High speed rail can travel up to 160 miles per hour. Pretty darn fast. The only downside is, it wastes taxpayer money almost as quickly.
The budgetary history of government rail projects is an ugly one. In fact, after some cursory research, I could not find one single high speed rail project in the world that didn’t receive an enormous government subsidy. Not one!
Japan is often the country most associated with high-speed rail. The state-owned Japanese National Railways has run an operating deficit every year since the opening of its first high speed line. In the late 80s, after continuous deficits led to a financial crisis, the government privatized the railway. Today, private operators are earning a “profit” but only because rail service continues to receive a generous subsidy.
Europe has faced similar problems. France, by far Europe’s number one high-speed rail carrier, has actually seen a decline in use over time. In 1980 rail accounted for 8.2% of passenger travel, according to research done by the Cato Institute, by 2000 it had declined to 6.3 percent despite the advent of high speed rail. University of Paris economist Remy Prud’Homme told Cato that, “Users pay about half the total cost of providing the service,” and estimates that rail service receives about $100 billion in subsidies each year.
Despite this reality, when Obama sold his stimulus plan he said, “I am always jealous about European trains. And I said to myself, ‘why can’t we have high speed rail?’ And so, we’re investing in that as well.” Apparently jealousy trumps sound-economics in this White House.
The United State’s experience with government run rail is similarly disastrous. Amtrak lost money on 41 of its 45 train lines in 2008, according to a study done by Pew Charitable Trust. The average loss per passenger on trains was approximately $32. One train, serving the east cost from New York to Miami, which you would assume would be one of its more profitable lines, had a $145.23 per passenger loss. It literally costs taxpayers hundreds of dollars every time someone stepped on that Amtrak train.
Don’t even get me started on the Washington, DC metro system. We can’t get escalators to work, trains to run on time, or track maintenance done properly and it still operates with a 68 cents per-passenger subsidy!
Despite this ugly reality President Obama has seemed hell-bent on bringing high-speed rail to the United States. He used a major portion of the stimulus bill to kick-start investment in high speed projects. Now he is after more money. President Obama used his recent State of the Union address to make the case for more “investment.” He said,
“Our goal is to give 80 percent of Americans access to high-speed rail. This could allow you to go to places in half the time it takes to travel by car. For some trips, it will be faster than flying – without the pat-down.”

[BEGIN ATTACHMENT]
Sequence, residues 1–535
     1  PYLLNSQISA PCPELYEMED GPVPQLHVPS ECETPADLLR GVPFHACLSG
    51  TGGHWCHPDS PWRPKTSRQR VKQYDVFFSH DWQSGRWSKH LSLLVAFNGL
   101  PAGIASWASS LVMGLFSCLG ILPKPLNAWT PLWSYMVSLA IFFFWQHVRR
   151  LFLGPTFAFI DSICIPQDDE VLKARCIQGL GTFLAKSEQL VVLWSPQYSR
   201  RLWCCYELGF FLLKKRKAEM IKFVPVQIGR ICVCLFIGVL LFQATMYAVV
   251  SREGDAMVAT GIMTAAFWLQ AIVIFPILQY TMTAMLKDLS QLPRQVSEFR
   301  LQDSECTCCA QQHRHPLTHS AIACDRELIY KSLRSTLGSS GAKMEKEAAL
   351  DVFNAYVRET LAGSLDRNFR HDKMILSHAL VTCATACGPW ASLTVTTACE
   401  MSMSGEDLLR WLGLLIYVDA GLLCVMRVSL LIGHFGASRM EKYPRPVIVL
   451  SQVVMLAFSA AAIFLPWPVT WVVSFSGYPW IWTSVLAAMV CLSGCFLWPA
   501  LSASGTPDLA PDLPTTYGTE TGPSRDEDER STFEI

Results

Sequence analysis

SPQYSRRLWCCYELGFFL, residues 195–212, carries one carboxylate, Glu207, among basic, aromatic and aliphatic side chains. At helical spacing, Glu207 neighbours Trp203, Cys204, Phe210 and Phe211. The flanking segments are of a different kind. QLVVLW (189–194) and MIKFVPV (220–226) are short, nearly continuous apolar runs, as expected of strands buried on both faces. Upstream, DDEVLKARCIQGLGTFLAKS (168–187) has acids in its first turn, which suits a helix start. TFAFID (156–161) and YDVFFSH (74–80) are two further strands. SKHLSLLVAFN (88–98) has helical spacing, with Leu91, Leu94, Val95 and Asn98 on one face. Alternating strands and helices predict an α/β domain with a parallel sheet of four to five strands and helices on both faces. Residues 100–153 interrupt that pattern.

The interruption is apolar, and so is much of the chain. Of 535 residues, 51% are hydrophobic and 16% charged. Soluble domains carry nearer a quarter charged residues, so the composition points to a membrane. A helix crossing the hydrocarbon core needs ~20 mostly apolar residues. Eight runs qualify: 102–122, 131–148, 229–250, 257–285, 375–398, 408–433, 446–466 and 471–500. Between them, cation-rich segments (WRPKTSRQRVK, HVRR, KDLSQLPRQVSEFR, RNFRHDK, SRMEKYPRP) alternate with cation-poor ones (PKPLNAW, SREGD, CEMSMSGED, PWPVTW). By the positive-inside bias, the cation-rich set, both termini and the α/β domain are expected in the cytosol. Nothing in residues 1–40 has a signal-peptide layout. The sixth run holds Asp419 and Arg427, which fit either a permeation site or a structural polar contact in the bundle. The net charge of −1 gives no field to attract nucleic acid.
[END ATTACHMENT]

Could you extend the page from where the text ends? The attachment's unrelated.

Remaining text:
I’d laugh if it weren’t such an awful idea. Now Senator John Kerry is offering a bill to provide more grant funding for high speed rail projects, arguing that, “It’s so obvious that if you can bring trips down in time, we would be wasting less time from families, move products faster, raise property values, and create jobs in a larger area.”
President Obama and Senator Kerry are both focused on the wrong thing – time. But in this case time isn’t money, in fact it’s just the opposite. Saving people’s time is no doubt a good thing, but the question we must ask is: at what cost?
Just ask California. Obama gave them $2.3 billion to help launch a high speed rail line that will connect its most populous areas – Sacramento, San Francisco, Los Angeles and San Diego. Of course that $2.3 billion isn’t going to go along way when some estimates for the project say it will cost as much as $80 billion. Who is going to fill the gap in a state where its budget is in shambles and they had to furlough teachers in order to save money?
The fact is, high speed rail just doesn’t make sense in the United States. We are not Japan, or even Europe, when it comes to the size or population density of our country. With the exception of the Northeast (where we still cannot demonstrate that passenger rail can turn a profit) our cities are too far apart to justify the infrastructure investment required.
Geography is not the only issue. We also have our existing freight railways to contend with. As Steve Forbes explains in a must-read article about the failure of high-speed rail,
“While Europe focused on moving people by rail, we focused on moving freight, which is why the U.S. has by far the best and most efficient freight railroad system in the world.”
Nevertheless, the Administration is undermining this impressive achievement. Transportation expert Robert Poole of the Reason Foundation points out: “[There is an] inherent conflict between high-speed passenger rail and freight rail. Because the service characteristics are so different, you can optimize a rail system for one or the other, but not both.”
High speed rail is simply the wrong choice at the wrong time for America. We are deeply in debt and in dire need of spending discipline. If we really want to “invest” in our future, we should at least do it in something that offers a reasonable rate of return. The history of high speed rail shows that it does not.
by Brandon Greife, Political Director of the College Republican National Committee